Washington, Aug 14 (EFE).- US President Donald Trump on Monday condemned the Ku Klux Klan, neo-Nazis, white supremacists “and other hate groups” after a man with known Nazi sympathies drove his car into anti-fascist protesters in Charlottesville, Virginia, killing one and injuring at least 19.
“Racism is evil and those who cause violence in its name are criminals and thugs, including the (Ku Klux Klan), neo-Nazis, white supremacists and other hate groups that are repugnant to everything we hold dear as Americans,” the president said from the White House.
“As I have said many times before, no matter the color of our skin, we all live under the same laws,” the president said. “We all salute the same great flag. And we are all made by the same almighty God.”
Trump, who began his appearance before the media boasting about the good economic performance so far during his mandate, issued his condemnation of hate groups after two days of receiving widespread criticism, including from his own party, for on Saturday having said that “hatred, bigotry and violence” had been evidenced “on many sides” and failing to single out the white supremacists who had called the march in Charlottesville.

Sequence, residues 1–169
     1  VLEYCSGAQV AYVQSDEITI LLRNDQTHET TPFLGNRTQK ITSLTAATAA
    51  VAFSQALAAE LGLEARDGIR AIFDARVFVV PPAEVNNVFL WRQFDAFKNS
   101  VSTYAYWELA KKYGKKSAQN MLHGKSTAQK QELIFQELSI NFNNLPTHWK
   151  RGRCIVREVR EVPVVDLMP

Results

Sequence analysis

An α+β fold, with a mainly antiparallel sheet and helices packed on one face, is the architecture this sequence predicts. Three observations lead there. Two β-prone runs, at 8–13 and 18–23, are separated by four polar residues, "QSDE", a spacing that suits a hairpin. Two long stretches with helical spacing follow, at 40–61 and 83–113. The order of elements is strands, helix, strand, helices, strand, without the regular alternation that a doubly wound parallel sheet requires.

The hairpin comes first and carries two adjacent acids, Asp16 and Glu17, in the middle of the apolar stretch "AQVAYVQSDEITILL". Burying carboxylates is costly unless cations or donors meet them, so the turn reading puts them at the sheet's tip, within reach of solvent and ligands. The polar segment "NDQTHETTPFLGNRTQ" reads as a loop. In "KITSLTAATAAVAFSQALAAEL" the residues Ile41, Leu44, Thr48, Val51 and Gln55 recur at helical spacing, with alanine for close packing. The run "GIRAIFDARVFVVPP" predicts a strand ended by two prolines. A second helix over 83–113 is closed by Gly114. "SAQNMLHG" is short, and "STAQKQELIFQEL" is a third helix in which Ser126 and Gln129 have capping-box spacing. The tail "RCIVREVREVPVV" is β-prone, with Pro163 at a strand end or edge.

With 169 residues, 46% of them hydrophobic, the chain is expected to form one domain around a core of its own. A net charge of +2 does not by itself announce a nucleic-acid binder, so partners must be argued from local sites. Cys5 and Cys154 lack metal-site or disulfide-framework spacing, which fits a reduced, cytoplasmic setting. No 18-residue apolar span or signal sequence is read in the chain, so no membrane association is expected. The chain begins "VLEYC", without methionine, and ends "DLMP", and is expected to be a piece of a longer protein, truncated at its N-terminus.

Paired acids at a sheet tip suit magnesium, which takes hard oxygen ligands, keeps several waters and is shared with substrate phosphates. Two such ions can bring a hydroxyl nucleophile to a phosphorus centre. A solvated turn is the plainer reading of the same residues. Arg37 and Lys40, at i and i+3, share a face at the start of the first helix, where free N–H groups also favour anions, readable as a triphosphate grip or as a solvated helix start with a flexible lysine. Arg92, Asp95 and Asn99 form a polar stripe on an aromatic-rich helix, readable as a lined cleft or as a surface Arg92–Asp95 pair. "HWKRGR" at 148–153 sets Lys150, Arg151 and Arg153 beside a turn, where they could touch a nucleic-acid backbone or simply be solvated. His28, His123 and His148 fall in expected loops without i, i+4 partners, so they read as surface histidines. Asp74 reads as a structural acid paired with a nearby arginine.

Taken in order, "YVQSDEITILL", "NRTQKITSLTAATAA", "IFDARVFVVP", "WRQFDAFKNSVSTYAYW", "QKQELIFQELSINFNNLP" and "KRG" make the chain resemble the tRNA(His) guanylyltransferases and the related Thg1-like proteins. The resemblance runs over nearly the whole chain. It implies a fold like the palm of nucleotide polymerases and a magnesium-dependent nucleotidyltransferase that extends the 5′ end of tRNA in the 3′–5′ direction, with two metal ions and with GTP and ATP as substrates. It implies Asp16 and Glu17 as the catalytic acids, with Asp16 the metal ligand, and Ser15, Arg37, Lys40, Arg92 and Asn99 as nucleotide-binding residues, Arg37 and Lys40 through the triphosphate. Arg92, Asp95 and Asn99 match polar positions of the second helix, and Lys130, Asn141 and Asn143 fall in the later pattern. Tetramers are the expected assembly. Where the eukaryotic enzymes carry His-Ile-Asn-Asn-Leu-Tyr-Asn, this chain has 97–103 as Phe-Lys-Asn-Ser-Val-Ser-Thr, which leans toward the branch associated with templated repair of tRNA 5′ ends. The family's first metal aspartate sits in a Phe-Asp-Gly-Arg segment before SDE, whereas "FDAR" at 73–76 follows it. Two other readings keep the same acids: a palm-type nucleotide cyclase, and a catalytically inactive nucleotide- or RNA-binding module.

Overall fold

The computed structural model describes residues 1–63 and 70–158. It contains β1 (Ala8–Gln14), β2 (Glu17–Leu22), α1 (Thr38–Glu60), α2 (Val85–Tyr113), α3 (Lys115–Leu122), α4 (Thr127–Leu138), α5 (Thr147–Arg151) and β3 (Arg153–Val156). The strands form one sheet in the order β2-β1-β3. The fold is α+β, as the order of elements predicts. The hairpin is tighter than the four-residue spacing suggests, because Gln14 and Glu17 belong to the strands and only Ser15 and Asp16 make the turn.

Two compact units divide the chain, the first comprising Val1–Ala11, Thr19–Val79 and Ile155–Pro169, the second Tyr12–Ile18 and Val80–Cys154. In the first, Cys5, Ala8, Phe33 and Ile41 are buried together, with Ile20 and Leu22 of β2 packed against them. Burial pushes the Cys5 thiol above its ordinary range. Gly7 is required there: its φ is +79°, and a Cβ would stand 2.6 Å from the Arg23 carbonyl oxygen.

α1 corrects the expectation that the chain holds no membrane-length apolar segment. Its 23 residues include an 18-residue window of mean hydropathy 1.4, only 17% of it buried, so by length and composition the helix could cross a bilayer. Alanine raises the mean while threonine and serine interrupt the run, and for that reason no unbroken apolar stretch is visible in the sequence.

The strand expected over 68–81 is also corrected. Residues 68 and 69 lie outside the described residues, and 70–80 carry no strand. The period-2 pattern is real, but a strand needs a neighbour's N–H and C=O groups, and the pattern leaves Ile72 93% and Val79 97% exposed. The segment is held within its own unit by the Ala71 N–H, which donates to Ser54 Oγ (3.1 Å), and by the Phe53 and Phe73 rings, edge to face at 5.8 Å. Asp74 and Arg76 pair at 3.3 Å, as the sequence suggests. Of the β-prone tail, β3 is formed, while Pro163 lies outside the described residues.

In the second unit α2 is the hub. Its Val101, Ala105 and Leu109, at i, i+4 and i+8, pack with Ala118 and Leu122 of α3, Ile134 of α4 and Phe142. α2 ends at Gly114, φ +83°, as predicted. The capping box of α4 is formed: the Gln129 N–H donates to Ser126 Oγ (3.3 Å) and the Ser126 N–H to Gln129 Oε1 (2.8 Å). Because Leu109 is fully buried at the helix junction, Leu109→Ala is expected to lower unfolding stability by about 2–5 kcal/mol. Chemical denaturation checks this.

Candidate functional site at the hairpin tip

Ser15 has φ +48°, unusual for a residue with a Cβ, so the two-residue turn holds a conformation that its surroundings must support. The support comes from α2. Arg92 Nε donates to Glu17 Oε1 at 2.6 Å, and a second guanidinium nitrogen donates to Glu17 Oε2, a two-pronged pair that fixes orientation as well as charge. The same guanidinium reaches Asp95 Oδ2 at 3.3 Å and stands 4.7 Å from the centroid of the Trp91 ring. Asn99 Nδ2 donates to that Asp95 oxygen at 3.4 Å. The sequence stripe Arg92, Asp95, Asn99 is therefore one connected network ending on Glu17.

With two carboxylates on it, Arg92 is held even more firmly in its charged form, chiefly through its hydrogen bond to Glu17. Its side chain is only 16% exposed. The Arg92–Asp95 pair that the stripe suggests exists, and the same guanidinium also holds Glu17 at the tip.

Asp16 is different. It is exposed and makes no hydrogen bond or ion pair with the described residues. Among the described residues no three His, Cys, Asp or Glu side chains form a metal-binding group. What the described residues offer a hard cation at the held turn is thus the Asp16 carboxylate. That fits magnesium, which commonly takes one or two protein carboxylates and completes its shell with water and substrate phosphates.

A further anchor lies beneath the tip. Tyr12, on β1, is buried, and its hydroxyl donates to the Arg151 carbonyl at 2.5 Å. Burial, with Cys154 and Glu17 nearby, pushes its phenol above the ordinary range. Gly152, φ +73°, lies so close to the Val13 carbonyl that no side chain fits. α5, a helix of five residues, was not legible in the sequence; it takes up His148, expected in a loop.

“We condemn in the strongest possible terms this egregious display of hatred, bigotry and violence, on many sides,” the president had said at his Bedminster, New Jersey, golf club. “On many sides. It’s been going on for a long time in our country. Not Donald Trump, not Barack Obama. This has been going on for a long, long time. It has no place in America.”
The president did not take questions after he made his statement on Monday, despite the fact that on Friday he had announced that on Monday he would hold a White House press conference, although he had not specified the subject.
The president also reminded the public that, during his White House run, he had promised to restore “law and order.”
He went on to note that the FBI and the Justice Department have launched a civil rights investigation into the attack staged by a 20-year-old man with Nazi sympathies in which one young woman died and at least 19 other people were injured.
Trump met on Monday in Washington with Attorney General Jeff Sessions and FBI Director Christopher Wray to discuss the Charlottesville attack, a meeting scheduled during a brief hiatus from his Bedminster vacation.
Meanwhile Sessions said Monday, before meeting with Trump, that the attack in Charlottesville was an act of “domestic terrorism.”
“It does meet the definition of domestic terrorism in our statute,” Sessions said in an interview Saturday on the ABC network, after his department announced Saturday the opening of a federal investigation into the deadly incident.
Calling the attack “domestic terrorism” is more symbolic than practical, since that definition does not imply additional punishment, but it is important for those who complain that the word “terrorism” is only used when the attacker is a Muslim.